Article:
An HIV support group in Botswana has accused the country’s government of trying to detain gay citizens or deport them if they are foreigners.
Uyapo Ndadi, director of Bonela, told the Mmegi newspaper that “the government continues to introduce unlawful and unconstitutional laws without consulting the people”.
Botswana’s Ministry of Health recently embarked on a study to estimate the population of female sex workers and men who have sex with other men in Gaborone, Francistown and Kasane. The study sought to establish the incidence and prevalence of HIV infection, and other sexually transmitted infections among the high-risk populations.
Mr Ndadi said that the groups most at risk were deceived to think that they would benefit from the study – but now risk being on the receiving end of state retribution.
“Only now we are learning that they will be detained and have all sorts of things done to them,” he said.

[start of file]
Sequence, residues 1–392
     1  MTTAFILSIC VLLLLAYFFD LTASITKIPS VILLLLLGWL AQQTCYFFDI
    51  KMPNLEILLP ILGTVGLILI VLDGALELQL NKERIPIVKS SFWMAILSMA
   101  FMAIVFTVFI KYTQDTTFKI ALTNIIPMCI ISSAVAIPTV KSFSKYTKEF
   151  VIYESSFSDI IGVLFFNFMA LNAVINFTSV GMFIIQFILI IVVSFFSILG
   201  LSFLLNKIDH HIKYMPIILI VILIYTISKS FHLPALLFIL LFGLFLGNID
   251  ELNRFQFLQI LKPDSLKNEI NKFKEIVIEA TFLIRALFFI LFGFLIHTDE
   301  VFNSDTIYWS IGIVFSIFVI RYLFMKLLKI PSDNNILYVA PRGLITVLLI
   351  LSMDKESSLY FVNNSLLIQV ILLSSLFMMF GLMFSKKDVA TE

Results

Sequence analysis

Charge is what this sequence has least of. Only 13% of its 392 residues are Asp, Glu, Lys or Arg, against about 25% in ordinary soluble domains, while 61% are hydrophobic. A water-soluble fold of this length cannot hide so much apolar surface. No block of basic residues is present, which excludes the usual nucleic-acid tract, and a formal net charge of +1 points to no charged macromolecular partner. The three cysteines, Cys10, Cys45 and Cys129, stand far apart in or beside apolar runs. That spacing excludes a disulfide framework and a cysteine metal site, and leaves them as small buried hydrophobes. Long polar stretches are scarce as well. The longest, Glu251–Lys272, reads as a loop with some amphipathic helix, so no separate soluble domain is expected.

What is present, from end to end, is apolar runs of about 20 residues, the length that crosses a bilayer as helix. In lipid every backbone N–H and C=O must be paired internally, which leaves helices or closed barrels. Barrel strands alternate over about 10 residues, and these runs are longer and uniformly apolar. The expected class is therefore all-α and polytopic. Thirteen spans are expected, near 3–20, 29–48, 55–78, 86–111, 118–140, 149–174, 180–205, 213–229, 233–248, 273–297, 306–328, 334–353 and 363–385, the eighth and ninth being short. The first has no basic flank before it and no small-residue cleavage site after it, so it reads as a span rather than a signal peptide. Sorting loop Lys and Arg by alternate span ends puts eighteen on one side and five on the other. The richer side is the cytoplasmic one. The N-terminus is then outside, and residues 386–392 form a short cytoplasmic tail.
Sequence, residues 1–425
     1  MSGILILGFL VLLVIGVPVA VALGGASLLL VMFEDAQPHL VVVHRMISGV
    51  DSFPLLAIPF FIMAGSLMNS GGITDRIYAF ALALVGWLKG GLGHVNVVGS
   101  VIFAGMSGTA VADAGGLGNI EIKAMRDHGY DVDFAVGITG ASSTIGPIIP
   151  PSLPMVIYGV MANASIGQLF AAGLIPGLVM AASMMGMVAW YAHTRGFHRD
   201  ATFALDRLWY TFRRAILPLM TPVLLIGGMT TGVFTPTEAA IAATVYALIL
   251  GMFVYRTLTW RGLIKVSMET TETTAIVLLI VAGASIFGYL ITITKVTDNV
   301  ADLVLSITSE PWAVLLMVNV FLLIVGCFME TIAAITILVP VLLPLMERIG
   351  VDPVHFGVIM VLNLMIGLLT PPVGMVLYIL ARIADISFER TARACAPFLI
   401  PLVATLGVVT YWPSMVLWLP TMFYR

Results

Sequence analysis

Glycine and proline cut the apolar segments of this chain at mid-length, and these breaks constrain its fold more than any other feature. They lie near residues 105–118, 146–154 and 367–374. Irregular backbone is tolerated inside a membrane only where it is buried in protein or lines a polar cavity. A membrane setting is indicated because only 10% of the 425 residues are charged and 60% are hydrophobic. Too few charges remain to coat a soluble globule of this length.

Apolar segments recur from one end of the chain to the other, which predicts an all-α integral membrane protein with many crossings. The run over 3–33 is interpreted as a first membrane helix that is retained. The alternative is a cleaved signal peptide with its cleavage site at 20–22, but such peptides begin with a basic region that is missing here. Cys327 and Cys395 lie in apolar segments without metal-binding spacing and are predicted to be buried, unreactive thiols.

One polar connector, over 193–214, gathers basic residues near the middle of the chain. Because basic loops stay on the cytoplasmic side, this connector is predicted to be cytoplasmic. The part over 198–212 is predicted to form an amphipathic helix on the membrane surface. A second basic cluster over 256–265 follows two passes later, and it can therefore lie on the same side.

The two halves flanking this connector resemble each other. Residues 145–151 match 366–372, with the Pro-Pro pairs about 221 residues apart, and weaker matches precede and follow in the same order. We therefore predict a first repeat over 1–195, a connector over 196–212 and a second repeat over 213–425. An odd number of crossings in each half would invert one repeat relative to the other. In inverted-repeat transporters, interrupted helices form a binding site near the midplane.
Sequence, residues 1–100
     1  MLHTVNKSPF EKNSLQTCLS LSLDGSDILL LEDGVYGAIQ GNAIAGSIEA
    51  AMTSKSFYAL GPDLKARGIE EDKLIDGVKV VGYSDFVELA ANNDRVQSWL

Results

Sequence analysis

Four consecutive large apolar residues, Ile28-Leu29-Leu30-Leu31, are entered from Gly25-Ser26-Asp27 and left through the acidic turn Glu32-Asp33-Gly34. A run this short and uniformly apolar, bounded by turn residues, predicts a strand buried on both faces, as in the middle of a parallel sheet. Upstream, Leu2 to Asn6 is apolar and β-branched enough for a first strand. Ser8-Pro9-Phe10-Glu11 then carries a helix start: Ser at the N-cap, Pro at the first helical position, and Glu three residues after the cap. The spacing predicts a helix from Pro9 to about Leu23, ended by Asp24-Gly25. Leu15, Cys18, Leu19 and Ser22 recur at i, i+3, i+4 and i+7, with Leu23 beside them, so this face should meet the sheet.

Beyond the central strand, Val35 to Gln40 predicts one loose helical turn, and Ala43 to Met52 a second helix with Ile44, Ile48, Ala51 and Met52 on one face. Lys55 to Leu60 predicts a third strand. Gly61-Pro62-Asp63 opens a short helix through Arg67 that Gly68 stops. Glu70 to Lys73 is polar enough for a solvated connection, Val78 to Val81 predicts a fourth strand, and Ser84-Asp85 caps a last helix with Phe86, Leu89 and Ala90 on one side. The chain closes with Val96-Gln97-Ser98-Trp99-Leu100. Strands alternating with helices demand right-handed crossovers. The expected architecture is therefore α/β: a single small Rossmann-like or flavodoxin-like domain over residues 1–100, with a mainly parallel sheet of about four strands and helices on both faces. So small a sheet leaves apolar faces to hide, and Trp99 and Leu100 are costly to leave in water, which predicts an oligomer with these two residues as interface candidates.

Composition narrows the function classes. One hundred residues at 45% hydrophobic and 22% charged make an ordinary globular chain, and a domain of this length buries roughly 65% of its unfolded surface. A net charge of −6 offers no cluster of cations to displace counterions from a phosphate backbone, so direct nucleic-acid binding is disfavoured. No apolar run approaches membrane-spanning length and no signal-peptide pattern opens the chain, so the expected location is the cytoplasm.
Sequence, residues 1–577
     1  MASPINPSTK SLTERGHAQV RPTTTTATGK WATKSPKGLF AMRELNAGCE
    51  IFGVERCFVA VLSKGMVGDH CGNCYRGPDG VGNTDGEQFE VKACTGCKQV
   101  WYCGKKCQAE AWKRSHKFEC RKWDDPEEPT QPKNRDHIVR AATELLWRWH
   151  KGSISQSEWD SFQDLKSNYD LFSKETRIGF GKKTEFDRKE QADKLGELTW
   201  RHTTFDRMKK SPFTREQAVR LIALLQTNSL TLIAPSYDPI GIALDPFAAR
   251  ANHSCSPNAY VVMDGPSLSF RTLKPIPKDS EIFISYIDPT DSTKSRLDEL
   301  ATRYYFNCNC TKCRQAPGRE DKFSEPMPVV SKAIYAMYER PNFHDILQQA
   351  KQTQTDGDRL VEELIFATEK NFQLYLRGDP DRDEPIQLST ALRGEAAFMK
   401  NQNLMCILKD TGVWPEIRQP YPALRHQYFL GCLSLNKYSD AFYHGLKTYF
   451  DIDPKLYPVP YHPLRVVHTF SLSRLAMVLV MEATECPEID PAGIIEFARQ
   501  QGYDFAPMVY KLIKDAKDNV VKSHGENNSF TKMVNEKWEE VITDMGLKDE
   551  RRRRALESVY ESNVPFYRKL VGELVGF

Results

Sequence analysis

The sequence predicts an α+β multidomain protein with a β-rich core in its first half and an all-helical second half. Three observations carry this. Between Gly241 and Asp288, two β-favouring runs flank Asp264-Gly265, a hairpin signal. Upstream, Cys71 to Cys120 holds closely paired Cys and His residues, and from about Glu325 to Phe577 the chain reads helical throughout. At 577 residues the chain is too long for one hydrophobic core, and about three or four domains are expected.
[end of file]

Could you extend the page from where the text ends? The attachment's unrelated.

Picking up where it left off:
As part of government proposals sex workers and men who have sex with other men will be arrested and fined, while foreign ones will be deported.
Dakar-based pan-African APA News agency claims that even foreigners with valid papers could be detained for 48 hours before it’s decided whether they are to be deported. There are growing fears that the powers of arrest given to the police and the department of immigration is resulting in a homophobic “witch-hunt”.
Same-sex sexual activity remains illegal in Botswana and is punishable by up to 7 years’ imprisonment.
In February 2011, the Deputy Speaker of the Botswana National Assembly, Pono Moatlhodi, suggested gay people should be killed when asked if male prison inmates should have access to condoms.